What warrants more RAM? More programs running at the same time. How do you know the specifics of the usage that I listed? You looked at the word Photoshop and concluded 8GB maximum immediately - are you saying a heavy Photoshop user using Bridge to import high quality RAW images can't reach any more than 8GB of RAM while running other programs as well? If your usage is anything over 8GB, that warrants 16GB, unless you're into wasting money by buying single RAM modules for some odd, slower 12GB configuration - which doesn't even apply to situations with Apple as their soldered BTO options are either 4GB, 8GB, or 16GB typically. I wasn't suggesting you would reach 16GB, but it would warrant 16GB, because it's over 8GB, for example's purpose.

If anything is nonsense, it's saying that VMs are the only likely task to warrant 16GB of memory on a computer. I think that is misleading and generally untrue.
You need to understand the difference between Real physical RAM and Virtual, VMs suffer badly if they are not run with enough Real RAM as the volume of swap data climbs massively. Again you answered a question he didn't ask, to justify 16GB, over 8GB, of REAL ram, you almost certainly need to be running VMs, Photoshop can work much more easily in virtual and swap - even for heavy users. Don't confuse "need" with "want". Sure there are some use cases outside VMs that warrant >8GB, hence my use of the word "unlikely", that includes there being other possibilities but without VMs they are increasingly <very> edge cases.
 
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Dark Void

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You need to understand the difference between Real physical RAM and Virtual, VMs suffer badly if they are not run with enough Real RAM as the volume of swap data climbs massively. Again you answered a question he didn't ask, to justify 16GB, over 8GB, of REAL ram, you almost certainly need to be running VMs, Photoshop can work much more easily in virtual and swap - even for heavy users. Don't confuse "need" with "want". Sure there are some use cases outside VMs that warrant >8GB, hence my use of the word "unlikely", that includes there being other possibilities but without VMs they are increasingly <very> edge cases.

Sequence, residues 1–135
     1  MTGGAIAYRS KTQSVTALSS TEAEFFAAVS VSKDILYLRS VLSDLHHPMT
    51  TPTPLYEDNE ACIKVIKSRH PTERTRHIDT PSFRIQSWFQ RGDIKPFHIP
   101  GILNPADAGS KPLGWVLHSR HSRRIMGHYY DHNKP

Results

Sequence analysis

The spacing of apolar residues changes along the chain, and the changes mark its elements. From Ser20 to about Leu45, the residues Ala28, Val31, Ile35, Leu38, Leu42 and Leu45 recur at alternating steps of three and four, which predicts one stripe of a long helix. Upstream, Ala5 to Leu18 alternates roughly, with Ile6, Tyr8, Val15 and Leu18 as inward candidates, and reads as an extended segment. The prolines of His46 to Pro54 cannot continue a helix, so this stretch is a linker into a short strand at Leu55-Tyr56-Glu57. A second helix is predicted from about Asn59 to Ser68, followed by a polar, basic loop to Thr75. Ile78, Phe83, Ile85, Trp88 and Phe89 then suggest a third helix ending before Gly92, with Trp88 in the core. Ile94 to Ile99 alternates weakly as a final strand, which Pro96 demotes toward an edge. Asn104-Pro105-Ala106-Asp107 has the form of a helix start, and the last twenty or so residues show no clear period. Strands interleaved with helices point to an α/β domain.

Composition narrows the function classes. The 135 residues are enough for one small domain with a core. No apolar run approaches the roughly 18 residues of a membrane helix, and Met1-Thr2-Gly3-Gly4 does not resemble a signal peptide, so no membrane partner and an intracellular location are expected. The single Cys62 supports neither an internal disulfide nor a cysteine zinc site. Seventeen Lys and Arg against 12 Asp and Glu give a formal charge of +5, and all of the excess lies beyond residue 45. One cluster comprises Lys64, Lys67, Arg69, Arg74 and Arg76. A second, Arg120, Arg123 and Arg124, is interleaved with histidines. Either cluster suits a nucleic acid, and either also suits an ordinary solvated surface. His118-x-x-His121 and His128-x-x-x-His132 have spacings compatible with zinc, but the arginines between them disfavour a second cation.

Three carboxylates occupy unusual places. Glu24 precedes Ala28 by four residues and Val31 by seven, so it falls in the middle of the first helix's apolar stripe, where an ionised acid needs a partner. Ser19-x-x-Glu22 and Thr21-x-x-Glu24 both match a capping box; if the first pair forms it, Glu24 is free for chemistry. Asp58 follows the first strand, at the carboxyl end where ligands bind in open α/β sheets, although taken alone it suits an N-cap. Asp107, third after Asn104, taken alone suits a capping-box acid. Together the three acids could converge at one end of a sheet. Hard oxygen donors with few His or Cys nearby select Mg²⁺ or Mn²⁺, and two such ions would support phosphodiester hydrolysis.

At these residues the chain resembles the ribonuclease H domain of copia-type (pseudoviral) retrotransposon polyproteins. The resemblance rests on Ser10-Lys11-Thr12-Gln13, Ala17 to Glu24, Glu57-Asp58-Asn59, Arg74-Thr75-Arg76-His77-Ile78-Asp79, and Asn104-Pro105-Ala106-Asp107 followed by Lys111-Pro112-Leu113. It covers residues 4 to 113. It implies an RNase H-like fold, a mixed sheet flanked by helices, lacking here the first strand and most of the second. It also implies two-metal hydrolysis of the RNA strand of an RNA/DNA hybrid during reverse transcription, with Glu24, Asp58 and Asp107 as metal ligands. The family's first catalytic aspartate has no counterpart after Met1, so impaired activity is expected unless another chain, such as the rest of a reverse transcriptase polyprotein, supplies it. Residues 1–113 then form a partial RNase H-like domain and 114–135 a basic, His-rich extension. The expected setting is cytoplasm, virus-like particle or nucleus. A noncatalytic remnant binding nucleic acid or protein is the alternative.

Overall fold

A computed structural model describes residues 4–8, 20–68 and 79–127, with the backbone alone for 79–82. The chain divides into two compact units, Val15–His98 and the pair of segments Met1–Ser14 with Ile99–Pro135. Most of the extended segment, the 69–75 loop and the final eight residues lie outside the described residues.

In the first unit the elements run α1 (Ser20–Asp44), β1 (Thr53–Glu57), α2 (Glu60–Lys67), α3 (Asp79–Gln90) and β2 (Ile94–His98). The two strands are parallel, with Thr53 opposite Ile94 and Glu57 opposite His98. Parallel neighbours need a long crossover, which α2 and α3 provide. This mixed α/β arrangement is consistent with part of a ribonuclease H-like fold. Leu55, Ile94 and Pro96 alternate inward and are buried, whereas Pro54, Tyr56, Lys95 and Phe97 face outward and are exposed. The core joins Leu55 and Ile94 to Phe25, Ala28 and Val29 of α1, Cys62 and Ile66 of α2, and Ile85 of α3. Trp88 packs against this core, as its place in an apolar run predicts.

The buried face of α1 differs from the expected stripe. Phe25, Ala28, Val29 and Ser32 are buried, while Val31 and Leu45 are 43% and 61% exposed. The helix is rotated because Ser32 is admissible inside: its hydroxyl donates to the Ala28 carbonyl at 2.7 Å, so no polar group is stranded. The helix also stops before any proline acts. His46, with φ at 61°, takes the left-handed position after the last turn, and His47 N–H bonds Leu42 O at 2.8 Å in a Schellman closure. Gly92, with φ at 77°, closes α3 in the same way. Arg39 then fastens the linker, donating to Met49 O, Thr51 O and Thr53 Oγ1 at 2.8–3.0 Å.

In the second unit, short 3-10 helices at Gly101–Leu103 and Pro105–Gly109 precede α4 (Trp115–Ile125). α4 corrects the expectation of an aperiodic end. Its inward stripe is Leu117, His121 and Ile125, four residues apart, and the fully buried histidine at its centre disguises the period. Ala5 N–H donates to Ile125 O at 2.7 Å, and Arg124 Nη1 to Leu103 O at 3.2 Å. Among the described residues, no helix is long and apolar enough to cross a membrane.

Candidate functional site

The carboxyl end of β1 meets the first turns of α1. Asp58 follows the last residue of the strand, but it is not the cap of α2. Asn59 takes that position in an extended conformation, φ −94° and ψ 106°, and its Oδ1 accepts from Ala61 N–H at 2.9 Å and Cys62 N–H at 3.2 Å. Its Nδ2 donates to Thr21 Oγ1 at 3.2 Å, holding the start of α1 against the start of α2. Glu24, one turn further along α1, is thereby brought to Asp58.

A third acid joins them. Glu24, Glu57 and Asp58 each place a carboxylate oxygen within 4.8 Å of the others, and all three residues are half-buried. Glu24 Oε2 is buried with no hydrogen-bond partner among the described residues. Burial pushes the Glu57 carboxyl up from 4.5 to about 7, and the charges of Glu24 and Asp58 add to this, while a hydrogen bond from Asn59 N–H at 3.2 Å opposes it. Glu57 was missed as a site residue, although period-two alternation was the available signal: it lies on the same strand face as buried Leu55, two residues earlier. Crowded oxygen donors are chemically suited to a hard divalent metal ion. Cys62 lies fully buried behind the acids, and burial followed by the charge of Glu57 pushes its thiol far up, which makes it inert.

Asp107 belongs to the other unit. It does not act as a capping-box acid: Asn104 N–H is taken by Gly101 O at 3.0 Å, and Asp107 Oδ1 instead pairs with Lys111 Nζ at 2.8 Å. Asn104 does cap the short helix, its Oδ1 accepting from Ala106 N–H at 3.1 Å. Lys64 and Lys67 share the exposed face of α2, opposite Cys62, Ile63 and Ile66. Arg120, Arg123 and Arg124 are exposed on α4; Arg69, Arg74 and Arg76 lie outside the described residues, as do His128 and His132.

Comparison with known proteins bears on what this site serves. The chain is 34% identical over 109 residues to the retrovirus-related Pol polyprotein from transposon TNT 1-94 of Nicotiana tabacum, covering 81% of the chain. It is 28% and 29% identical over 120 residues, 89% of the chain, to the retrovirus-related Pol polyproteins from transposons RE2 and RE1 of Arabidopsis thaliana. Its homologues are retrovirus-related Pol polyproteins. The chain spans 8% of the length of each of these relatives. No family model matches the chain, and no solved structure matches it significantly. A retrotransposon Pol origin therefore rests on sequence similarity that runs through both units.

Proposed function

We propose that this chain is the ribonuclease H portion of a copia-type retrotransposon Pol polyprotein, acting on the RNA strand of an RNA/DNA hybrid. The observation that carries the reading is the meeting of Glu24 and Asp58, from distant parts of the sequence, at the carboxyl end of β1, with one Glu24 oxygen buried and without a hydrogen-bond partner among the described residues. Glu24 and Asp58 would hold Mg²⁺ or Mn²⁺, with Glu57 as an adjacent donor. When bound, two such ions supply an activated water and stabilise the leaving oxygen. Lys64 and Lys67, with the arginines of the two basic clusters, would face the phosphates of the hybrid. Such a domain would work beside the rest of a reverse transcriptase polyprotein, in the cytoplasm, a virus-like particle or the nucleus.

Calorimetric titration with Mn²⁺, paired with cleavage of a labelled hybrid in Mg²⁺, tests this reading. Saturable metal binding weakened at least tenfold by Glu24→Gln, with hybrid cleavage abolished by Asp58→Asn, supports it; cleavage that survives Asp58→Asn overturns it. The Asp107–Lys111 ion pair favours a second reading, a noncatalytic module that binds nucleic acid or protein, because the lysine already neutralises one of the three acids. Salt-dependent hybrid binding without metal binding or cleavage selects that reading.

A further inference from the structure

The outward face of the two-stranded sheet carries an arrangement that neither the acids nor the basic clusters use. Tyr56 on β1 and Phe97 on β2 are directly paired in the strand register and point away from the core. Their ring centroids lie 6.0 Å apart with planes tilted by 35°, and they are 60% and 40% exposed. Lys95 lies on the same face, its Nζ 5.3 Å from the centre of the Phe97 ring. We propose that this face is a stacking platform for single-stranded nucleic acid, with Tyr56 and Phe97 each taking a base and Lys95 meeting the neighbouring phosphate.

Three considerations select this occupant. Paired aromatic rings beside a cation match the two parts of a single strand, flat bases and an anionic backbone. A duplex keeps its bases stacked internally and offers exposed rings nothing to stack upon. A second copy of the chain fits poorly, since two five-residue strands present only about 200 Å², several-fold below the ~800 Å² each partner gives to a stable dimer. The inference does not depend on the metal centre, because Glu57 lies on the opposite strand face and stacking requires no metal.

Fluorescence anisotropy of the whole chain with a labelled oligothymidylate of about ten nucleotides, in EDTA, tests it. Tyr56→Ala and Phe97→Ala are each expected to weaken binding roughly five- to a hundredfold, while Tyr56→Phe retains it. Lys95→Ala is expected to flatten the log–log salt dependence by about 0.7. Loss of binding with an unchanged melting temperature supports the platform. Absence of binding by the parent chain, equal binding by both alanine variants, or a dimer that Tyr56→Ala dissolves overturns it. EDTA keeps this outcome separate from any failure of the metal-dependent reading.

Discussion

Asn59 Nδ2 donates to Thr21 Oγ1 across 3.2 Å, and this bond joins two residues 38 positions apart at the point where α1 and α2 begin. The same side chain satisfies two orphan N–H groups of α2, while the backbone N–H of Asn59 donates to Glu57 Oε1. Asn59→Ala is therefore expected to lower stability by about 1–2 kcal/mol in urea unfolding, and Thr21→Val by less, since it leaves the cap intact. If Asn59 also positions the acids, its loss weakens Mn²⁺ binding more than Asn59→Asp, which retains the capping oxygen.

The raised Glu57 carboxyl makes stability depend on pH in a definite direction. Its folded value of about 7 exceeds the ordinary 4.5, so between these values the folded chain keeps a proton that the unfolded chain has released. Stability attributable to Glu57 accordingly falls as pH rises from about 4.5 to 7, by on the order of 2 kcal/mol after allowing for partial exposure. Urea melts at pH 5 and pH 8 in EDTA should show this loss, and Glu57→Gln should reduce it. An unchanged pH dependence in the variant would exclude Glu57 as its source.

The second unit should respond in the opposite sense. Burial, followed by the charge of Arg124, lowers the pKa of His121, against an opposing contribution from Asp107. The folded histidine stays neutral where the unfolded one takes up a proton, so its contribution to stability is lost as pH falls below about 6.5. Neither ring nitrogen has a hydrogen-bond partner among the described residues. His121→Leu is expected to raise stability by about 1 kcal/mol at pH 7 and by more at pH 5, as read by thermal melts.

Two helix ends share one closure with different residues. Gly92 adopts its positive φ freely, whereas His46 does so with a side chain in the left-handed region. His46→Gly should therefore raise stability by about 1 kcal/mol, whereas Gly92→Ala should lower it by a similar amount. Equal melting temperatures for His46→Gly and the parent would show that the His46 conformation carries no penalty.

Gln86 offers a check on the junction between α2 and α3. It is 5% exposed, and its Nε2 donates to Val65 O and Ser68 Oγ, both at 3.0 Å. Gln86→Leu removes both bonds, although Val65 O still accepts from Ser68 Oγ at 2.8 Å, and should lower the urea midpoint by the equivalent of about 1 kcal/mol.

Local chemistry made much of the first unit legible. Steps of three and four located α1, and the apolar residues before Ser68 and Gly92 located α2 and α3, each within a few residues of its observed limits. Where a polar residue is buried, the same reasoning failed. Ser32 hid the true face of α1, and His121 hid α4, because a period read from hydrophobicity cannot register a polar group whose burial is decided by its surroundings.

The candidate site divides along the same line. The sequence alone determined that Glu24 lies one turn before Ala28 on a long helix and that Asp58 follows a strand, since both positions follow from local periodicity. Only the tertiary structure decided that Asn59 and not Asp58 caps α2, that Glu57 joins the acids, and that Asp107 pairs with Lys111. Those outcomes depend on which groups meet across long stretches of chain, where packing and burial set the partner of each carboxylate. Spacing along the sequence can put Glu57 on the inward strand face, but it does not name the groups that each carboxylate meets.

I'm very aware of the difference. In any case, you are avoiding what I am saying entirely and continue to talk about VMs. I realized you said it was "unlikely" and yet still have the opinion that if that is what you believe to be the most likely reason, that is the largest bit of "nonsense" present here. What sort of statistic are you going by in order to state that without VMs being a part of your usage it is unlikely that you need more than 8GB RAM? Just your own experiences? If that is the case, how exactly is yours any more valid than mine?

You truly don't have to be telling me what not to confuse. Do you believe that I am having trouble monitoring my own usage and sharing examples and experiences? I'm capable of understanding necessities. You don't have to talk down to another user because you disagree with what they are posting about. I made a broad, hypothetical description of a usage pattern that represents close to what I do regularly and because "VM" isn't a part of the list, what I am saying doesn't hold any water? It's still the principle. More programs running = more RAM is necessary, given that any other internal components do not bottleneck the situation. What is the problem with this answer? I didn't include VMs in my post, and therefore you believe it is unlikely for someone with similar usage to what I described to need more than 8GB RAM?

I'm not saying you're wrong as far as needing more RAM for VMs, as I agree with you, but I must ask why you disagree with me, because frankly your reasoning just doesn't make sense. You continue to repeat things that I am already aware of.

Not entirely sure why you are policing this thread in the first place anyway, did I offend you by offering what you perceive as misinformation?